N.S. transport minister emphasizes harmonization during APTA address
October 2, 2012
HALIFAX, N.S. -- Nova Scotia Transport Minister, Maurice Smith, addressed Atlantic Provinces Trucking Associations (APTA) delegates today, with a promise to work closely with the industry ad neighbouring provinces to improve harmonization.
HALIFAX, N.S. — Nova Scotia Transport Minister, Maurice Smith, addressed Atlantic Provinces Trucking Associations (APTA) delegates today, with a promise to work closely with the industry ad neighbouring provinces to improve harmonization.
Smith said his department oversees 4,100 bridges and 23,000 kilometres of road throughout Nova Scotia and wants to focus more on making improvements to roadways before they fall apart and require more costly repairs.
As such, the Department of Transportation and Infrastructure Renewal now works from a five-year road repair plan. Smith touted twinning of a section of Hwy. 104 near Antigonish as one of its latest achievements.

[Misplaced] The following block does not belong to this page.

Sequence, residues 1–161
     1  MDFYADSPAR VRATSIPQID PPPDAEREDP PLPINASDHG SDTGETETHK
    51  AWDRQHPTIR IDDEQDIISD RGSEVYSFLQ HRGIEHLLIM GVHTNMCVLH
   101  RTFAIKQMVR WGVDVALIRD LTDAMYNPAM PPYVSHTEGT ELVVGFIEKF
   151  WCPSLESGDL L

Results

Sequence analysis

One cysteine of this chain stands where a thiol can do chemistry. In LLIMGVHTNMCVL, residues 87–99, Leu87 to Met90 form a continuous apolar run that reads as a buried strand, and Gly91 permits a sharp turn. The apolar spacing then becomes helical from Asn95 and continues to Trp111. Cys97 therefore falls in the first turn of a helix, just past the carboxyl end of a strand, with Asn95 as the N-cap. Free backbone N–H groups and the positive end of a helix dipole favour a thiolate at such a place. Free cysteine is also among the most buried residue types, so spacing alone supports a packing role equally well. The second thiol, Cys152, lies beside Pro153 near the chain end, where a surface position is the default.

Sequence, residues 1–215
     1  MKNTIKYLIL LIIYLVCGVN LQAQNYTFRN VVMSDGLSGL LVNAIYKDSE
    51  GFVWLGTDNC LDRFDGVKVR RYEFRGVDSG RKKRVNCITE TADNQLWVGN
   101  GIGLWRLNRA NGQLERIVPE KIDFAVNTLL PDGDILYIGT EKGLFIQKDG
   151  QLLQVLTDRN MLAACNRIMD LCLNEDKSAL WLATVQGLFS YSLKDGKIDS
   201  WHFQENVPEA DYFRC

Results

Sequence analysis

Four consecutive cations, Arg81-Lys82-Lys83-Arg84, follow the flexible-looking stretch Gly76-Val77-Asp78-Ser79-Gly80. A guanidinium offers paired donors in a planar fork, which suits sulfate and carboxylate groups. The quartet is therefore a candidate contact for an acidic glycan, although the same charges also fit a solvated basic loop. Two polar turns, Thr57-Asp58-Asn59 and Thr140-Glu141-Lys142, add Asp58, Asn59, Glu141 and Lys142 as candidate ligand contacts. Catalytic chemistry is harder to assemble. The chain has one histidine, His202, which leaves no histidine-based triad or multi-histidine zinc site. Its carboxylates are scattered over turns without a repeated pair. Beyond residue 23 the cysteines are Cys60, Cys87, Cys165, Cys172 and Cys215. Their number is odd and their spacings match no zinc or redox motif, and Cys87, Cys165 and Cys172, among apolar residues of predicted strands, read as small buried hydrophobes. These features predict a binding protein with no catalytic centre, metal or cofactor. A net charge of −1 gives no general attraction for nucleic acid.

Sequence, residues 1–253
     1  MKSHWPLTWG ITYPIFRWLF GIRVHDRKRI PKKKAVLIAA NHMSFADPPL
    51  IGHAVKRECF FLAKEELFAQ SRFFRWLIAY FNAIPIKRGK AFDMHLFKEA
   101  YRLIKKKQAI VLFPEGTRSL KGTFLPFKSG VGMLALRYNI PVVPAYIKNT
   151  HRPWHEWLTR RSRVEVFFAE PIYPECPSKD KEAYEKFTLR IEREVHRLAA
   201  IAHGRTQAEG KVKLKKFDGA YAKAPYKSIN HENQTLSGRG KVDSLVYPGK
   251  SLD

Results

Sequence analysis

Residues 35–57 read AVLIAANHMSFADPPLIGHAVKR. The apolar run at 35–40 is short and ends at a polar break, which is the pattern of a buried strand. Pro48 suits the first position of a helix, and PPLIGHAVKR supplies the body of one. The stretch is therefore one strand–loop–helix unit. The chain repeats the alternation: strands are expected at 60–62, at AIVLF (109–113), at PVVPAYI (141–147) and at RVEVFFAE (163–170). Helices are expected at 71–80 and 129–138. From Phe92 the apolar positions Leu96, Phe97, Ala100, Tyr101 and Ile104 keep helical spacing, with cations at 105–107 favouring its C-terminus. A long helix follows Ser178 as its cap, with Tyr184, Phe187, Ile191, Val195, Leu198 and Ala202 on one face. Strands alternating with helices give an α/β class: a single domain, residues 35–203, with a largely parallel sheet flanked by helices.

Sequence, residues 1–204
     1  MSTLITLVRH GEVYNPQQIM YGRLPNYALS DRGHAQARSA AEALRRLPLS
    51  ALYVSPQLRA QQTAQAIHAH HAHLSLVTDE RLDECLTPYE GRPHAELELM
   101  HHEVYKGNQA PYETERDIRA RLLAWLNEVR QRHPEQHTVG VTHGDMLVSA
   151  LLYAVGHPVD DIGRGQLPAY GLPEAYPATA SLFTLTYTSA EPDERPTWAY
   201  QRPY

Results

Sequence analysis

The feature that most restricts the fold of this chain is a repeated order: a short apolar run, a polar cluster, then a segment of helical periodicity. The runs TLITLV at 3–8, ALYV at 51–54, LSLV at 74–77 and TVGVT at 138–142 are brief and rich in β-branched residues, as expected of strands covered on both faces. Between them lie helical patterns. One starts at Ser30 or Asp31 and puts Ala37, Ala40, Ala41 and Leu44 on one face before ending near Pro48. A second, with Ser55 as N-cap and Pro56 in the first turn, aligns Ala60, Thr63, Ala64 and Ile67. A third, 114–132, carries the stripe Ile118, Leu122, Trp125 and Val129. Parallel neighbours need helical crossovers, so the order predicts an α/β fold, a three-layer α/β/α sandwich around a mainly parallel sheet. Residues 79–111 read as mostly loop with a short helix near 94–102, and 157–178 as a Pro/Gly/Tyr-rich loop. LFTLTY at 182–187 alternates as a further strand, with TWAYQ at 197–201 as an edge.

Smith also said his department will work closely with the APTA and other provinces to harmonize regulations related to weights and dimensions, and specifically the operation of long combination vehicles (LCVs).
Although he acknowledged the province’s LCV program is in its “relative infancy,” he admitted “We have seen great benefits in the years that companies have been using LCVs.”
A new working group is looking to harmonize LCV requirements across Nova Scotia, New Brunswick, Quebec and Ontario.
“By this time next year, the hope is that a driver can haul the same truck in Ontario and Quebec as in New Brunswick and Nova Scotia,” Smith said.
He also noted the APTA is developing a driver training database, which will serve as a one-stop shop for LCV training and certification requirements. It will also provide enforcement officers with a resource to determine if a driver is properly certified.
“This is a prime example of why we should work together,” Smith said.
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